“The nation’s fastest 3G network.”
“On the largest, most advanced 4G LTE network.”
“The nation’s first 5G network.”
We’ve heard those phrases countless times over the past 15 years as mobile carriers try to prove that their wireless network is better than competitors. But, have we ever really understood what that means and how it impacts us as users?
As the 5G network, the next generation of wireless technology, is introduced at the end of the year, let’s take a look at how each generation revolutionized mobile communications.
Insight into each generation
Introduced in the early 2000s, 3G became the third generation of wireless technology. The previous generations (1G and 2G) permitted voice calls, text messages (SMS), and multimedia messaging service (MMS). This new generation became the first to support wireless Internet access capabilities. With that feature, 3G networks could handle the first smartphones offering increased bandwidth and transfer rates to accommodate internet applications and audio and video files. 3G bandwidth is 2mbps, meaning that the download time for downloading an app would be around one minute.
The speed of the 3G network quickly became insufficient as technology and smartphones evolved. The next generation came around 2010 in two categories 4G and 4G LTE (referred to as just LTE). This generation drastically improved data transfer speeds. 4G combability was about improved speeds as the solution to slow data problems. 4G LTE had even faster upload speeds and was developed based on IP standards. With speeds faster than 3G, 4G bandwidth is 200 mbps, which translates to the download time for a full-length movie is about 10 minutes.
The end of 2018 brings the newest network generation. Reports state that the 5G network will provide the fastest speed, decrease transfer rates, increase bandwidth and provide more opportunities for connectivity and reliability. Latency times could be as little as 1 millisecond or less. That is significantly lower than the 120 milliseconds on the 3G network. It’s anticipated that download speeds of around 1 Gbps will become standard. Or in simpler words, downloads and data transfer will seem instantaneous. The download time for a high-definition full-length movie will be seconds. The introduction of 5G is timely with the IoT becoming more popular, allowing for a smarter, more connected, holistic world.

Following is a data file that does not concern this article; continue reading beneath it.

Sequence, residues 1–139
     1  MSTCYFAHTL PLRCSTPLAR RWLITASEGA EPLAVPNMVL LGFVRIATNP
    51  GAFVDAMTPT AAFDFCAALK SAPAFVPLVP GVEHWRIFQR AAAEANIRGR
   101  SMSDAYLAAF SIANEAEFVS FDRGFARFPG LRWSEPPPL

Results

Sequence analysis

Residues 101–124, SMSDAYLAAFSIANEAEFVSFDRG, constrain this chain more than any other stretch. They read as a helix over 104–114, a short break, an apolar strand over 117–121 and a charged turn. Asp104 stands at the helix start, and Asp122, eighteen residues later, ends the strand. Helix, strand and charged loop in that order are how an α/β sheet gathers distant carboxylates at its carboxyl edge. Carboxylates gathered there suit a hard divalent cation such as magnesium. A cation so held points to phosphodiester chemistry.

3G End of Life with Introduction of 5G
The implementation of a new generation does not mean that previous generations automatically go end of life. For example, after the release of 4G, 3G became an option for non-data related activity, like voice calls. However, almost 20 years after the release, Verizon in preparation for 5G, has announced the end of life for 3G at the end of 2018. This means that 3G configured devices will no longer be able to connect to a network.
What 3G End of Life Means for You
The biggest takeaway is that 3G network is going end of life. This is a good time to take inventory of what devices and networks your organization is currently using. It is possible that there are devices running on 3G that were a “set and forget” situation. Although some carriers are beginning to implement their 5G network at the end of 2018, it will take a few years for the technology to be standard. Even tech giant, Apple doesn’t plan on releasing 5G-enabled iPhones until 2020. It is not necessary to rush and replace 4G and LTE devices but do consider them while assessing current devices and future plans. If there is a mix of devices with varying network capabilities, then evaluate what your organization’s needs are and if it would benefit from upgrading and standardizing devices.
If your organization needs help evaluating, then reach out to us at Brite for help!